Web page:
This week’s question comes from Bryan L. from Oakland, who asks:
Q: “How do I get out of jury duty?”
A: Bryan, seriously, shame on you. The simple answer is DON’T.
One sure way to get out of being on a jury is to be a criminal defendant — then you don’t have to sit on a jury and, at the same time, you will hope to God that you will have a group of people who didn’t try and evade their civic responsibility who can sit and fairly hear your case and defense. Another way is become a convicted felon and be deprived of your constitutional rights, such as bearing arms, being free from unlawful search and seizure, and the ability to sit on a jury or vote.
The original founders, who fought and died for our independence, called the right to a jury a “a sacred right” … “the most important privilege which freemen can enjoy.” The deprivation of a right to jury trials was one of the main grievances leading to the Revolutionary War. This right is listed in the Magna Carta, the Declaration of Causes and Necessity of Taking Up Arms (1775) and the Declaration of Independence (1776). So, jury service is not a hassle, people died for it. It’s part of what we are fighting to establish all over the world with our armed forces.
The United States Constitution, in the Sixth Amendment (Part of the Bill of Rights) proclaims: “In all criminal prosecutions, the accused shall enjoy the right to a speedy and public trial, by an impartial jury of the State and district wherein the crime shall have been committed, which district shall have been previously ascertained by law, and to be informed of the nature and cause of the accusation; to be confronted with the witnesses against him; to have compulsory process for obtaining witnesses in his favor, and to have the Assistance of Counsel for his defense.”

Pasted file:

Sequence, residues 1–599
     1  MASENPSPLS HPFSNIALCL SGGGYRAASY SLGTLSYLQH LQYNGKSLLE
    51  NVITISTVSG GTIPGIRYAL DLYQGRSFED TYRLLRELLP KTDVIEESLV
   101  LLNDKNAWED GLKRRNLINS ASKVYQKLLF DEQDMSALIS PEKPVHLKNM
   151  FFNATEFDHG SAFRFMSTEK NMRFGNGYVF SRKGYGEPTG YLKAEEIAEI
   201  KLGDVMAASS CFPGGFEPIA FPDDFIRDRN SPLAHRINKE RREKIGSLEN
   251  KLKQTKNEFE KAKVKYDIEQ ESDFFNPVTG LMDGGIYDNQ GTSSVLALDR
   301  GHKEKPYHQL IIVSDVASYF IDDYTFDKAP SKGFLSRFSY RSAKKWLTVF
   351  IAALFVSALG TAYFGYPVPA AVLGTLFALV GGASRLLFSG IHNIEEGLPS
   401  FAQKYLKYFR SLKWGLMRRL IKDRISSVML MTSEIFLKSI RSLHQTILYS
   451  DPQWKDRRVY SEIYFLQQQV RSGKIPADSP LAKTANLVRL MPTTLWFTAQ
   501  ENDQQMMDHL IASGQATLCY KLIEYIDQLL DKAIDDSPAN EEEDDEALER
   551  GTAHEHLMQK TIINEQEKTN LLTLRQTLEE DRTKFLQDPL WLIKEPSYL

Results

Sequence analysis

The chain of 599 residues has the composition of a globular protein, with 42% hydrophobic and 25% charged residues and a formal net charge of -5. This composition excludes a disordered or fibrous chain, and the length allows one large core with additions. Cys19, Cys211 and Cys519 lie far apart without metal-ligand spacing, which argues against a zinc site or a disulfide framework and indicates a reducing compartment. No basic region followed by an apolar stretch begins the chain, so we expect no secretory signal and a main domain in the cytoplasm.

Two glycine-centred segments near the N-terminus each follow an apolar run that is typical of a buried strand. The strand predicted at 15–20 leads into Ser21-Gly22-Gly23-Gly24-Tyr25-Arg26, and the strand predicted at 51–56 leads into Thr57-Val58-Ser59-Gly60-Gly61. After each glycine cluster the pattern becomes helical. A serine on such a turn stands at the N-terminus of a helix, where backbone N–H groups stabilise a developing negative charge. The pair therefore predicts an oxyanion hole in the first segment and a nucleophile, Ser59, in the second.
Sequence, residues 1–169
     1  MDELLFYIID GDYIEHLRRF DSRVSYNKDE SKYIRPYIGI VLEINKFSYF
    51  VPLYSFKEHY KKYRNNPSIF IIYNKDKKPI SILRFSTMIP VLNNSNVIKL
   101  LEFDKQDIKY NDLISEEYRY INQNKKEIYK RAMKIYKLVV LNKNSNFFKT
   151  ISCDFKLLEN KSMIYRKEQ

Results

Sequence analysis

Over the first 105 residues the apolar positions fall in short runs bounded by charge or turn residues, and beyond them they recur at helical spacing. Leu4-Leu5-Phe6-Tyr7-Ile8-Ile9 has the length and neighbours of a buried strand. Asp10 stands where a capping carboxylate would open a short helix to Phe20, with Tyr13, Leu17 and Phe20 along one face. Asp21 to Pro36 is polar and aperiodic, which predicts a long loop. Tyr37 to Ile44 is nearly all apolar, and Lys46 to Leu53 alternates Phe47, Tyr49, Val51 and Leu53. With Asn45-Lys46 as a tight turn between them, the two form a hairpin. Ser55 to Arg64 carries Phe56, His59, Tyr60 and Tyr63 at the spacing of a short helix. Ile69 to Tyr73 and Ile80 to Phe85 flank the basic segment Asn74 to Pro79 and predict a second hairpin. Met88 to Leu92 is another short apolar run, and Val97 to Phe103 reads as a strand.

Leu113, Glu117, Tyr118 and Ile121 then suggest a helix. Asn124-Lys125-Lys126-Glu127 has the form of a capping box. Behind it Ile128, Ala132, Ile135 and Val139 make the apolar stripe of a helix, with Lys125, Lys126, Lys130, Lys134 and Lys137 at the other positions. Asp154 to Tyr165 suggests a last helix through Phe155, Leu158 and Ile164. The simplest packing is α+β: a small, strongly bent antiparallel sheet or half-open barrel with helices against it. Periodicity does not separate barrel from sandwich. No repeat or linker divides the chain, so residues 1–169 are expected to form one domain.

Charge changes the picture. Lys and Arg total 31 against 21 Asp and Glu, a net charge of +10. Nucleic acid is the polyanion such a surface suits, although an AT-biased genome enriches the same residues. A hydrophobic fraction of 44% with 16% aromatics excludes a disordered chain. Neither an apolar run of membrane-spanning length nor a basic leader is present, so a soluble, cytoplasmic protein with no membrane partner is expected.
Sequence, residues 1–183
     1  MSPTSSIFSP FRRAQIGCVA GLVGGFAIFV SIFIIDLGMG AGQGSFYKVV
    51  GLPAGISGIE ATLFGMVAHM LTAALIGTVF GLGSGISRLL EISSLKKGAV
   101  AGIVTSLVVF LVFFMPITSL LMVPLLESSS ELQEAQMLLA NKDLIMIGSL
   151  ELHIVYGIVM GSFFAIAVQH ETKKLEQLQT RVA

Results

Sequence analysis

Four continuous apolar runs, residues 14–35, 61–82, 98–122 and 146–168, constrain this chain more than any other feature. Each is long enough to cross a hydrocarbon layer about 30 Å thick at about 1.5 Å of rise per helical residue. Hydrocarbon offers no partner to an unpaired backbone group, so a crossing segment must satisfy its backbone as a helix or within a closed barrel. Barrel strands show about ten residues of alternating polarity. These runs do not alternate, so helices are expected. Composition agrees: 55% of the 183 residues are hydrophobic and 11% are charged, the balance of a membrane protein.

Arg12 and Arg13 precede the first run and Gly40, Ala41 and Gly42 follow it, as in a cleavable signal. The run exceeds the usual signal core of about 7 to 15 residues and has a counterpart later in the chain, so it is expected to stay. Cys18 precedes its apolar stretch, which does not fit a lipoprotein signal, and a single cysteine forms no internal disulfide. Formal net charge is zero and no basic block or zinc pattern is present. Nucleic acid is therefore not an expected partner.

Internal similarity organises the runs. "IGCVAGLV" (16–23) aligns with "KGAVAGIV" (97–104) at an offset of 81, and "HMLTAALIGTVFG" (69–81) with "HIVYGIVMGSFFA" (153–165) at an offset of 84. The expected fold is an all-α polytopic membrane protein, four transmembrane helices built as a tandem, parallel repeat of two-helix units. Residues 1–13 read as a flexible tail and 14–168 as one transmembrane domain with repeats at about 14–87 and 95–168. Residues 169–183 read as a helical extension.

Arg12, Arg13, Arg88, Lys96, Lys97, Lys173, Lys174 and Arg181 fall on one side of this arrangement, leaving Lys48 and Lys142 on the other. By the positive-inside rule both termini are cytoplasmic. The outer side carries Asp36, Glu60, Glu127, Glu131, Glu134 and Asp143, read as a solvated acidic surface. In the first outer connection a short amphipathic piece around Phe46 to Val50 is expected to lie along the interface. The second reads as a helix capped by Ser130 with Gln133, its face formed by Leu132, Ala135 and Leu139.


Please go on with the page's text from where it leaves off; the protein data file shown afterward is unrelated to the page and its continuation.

The California Constitution Article 1, Sec. 16. states: “Trial by jury is an inviolate right and shall be secured to all, but in a civil cause three-fourths of the jury may render a verdict. A jury may be waived in a criminal cause by the consent of both parties expressed in open court by the defendant and the defendant’s counsel. In a civil cause a jury may be waived by the consent of the parties expressed as prescribed by statute.”
The California Legislature has proclaimed; “The Legislature recognizes that trial by jury is a cherished constitutional right, and that jury service is an obligation of citizenship.
It is the policy of the State of California that all persons selected for jury service shall be selected at random from the population of the area served by the court; that all qualified persons have an equal opportunity, in accordance with this chapter, to be considered for jury service in the state and an obligation to serve as jurors when summoned for that purpose; and that it is the responsibility of jury commissioners to manage all jury systems in an efficient, equitable, and cost-effective manner.”
As a trial lawyer who brings cases on behalf of his injured clients in front of juries, I can tell you that jury service is the purest form of democracy that exists on this planet. It is where 12 people decide what the community standards will be, whether rights will be bestowed or taken away. All juries that I have appeared in front of felt proud and patriotic after serving a jury. So you should try it before the day that maybe your rights may be taken from you without a trial by your peers.
So let’s all be a patriotic Americans and serve our country by responding to our summons for jury duty. Help bring fairness and justice to our troubled world.
Christopher B. Dolan is owner of the Dolan Law Firm. Email questions to firstname.lastname@example.org.
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